One possible reason why a consumer of jelly-like animals might process its prey differently from the familiar plankton-eaters is that the stinging tentacles would tend to adhere to any straining device in the mouth. The nematocysts can fire even when the jellyfish is dead, and are neutralised only once broken down by enzymes. Therefore, it might pay the leatherback turtle to bite large jellyfishes to pieces and to swallow these as rapidly as possible with minimum use of the spines in the throat. These spines could engage afterwards, retaining material not so much on the way in but more as the water and salt released from the dead prey come back out during digestion.

A fish emulating a turtle?

Although the largest of all fishes are sharks, various lineages of fishes have achieved large body sizes. Bony fishes[8] are quite different from cartilaginous fishes[9] such as sharks and manta rays[10]. But what's not generally realised is that even the largest bony fish – the ocean sunfish – is somewhat analogous to the leatherback turtle.

Firstly, the ocean sunfish, like the leatherback turtle, has a staple diet of jellyfishes, and a mouth with stubby, beak-like jaws able to bite chunks – quite different from the gaping mouths of baleen whales, the largest sharks, and manta rays. Secondly, the body form of the ocean sunfish is odd for a fish but, in certain ways, convergent with the leatherback turtle. The ocean sunfish has converted the tail normally found in fishes to what is effectively a pair of flippers – located at the rear of the body instead of the fore position seen in turtles, and used vertically instead of horizontally as in turtles. Like the leatherback turtle, the ocean sunfish can dive deeply into dark, cold water, but also spends time basking at the surface, emulating the body configuration of the turtle as it lolls on its side to rest.


Both the ocean sunfish and the leatherback turtle have lost the scales typical of fishes and reptiles, instead adopting a thick skin with a leathery or rubbery texture. In both cases, this skin is embedded with fragments of bone of various sizes, either small dermal bones in the turtle or denticles[11] in the ocean sunfish. Another convergence can be found in the fact that the ocean sunfish, although evolved from bony ancestors, has lost its internal bones, and has a skeleton as cartilaginous as that of sharks. Although the leatherback turtle retains bones, it's remarkable that this extremely large species is less bony than other reptiles. Many of its skeletal components have reverted to cartilage. Even the skull of the leatherback turtle, which is bonier than that of the ocean sunfish, retains unfused sutures throughout life, so that the mature skull falls apart when the corpse decomposes. We wonder whether this loss of bone in both species reflects the chemical composition of boneless prey such as jellyfishes.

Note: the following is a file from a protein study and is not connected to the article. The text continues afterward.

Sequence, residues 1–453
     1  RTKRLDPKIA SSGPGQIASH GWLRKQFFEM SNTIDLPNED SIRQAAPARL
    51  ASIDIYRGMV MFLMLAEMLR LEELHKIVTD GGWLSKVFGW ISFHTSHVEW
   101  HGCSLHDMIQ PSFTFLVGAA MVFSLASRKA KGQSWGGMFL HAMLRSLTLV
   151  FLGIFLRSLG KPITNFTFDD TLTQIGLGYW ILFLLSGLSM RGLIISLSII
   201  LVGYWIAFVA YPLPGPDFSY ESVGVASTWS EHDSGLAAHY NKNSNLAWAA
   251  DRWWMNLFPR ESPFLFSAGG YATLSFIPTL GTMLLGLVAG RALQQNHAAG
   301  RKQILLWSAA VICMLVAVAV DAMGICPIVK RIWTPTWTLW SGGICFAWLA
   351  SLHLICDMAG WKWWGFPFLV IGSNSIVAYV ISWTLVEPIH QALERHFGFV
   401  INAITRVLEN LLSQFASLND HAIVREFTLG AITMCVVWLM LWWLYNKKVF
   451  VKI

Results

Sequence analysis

A final possible similarity, unexplored by biologists, is in fecundity. The ocean sunfish is exceptional among fishes in the number of eggs it lays. And because the leatherback turtle can lay up to 12 clutches per nesting season, with 65 to 85 eggs per clutch, it may perhaps emerge as the most fecund reptile of all in the sense of number of eggs laid per lifetime. If so, it would be almost as if both of these plankton-eaters aspire to planktonic proliferation in their own juvenile stages.

What we're left with is a reptile exceptional in size and cold-tolerance, at the same time converging with the largest marine non-reptilian vertebrates in ways related to diet. The fact that a reptile and a bony fish, rather than a marine mammal or marine bird, have specialised on jellyfishes is perhaps partly explained by the peculiar adversity of this food. We refer to defence by adhesive tentacles and extreme dilution. Jellyfishes, although abundant in places, can seem like little more than mouthfuls of sting. The rapid metabolism of mammals and birds requires richer fare than this, perhaps explaining why no whale, seal or penguin specialises on a diet of jellyfishes and salps. Leatherback turtle and ocean sunfish share a skeleton rubbery enough and a metabolism slow enough to make ends meet on a dilute diet – even if these ends meet at odds because of the back-to-front and topsy-turvy relationship of their fin-like flippers versus flipper-like fins.




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1 Order Testudines: Family Dermochelyidae: Dermochelys coriacea

2 Tetraodontiformes: Molidae: Mola mola

3 Capable of commuting right across the Pacific Ocean, from its foraging habitat in the cold seas of Oregon to its nesting beaches in New Guinea. Tagged individuals have been tracked from Nova Scotia to the Caribbean in the Great Turtle Race and at speeds of over 35 km/h.

4 marine iguana (Iguanidae: Amblyrhynchus cristatus)

5 The most widespread of which is the yellow-bellied sea snake (Pelamis platurus).

6 It is noteworthy that females foraging off California travel not to the nesting beaches in nearby western Mexico, but westwards right across the Pacific, to lay their eggs.

7 Siphonophora: Physaliidae: Physalia

8 Osteichthyes

9 Chondrichthyes

10 Manta

11 similar to those of sharks





0 #1 Wildman 2014-05-16 10:05
Apparently in Florida tens of thousands of sea turtle hatchlings die every year as they walk toward civilization and away from the ocean. The state is home to 90 percent of the sea turtle nesting in the U.S., and the loss of so many hatchlings poses a major risk to the long-term survival of three endangered species. Researchers discovered that LED lights operating at a specific wavelengths and lower levels of visible light (lumens) have been shown to dramatically reduce sea turtle hatchling disorientations . They are in the process of retrofitting beachfront properties with “turtle safe” lighting! ../...
0 #2 Naturesprite 2014-05-16 10:13
I saw on Scientific America that a similar concept is being applied to reduce the incidents of sea turtles being tangled in fishing nets. This is a great example of conservationist s using technology intelligently.
0 #3 Naturapper 2014-05-16 11:25
These creatures certainly are magnificent. Imagine if crawling across a stretch of dangerous beach to the sea was the first thing human babies had to do when they were born.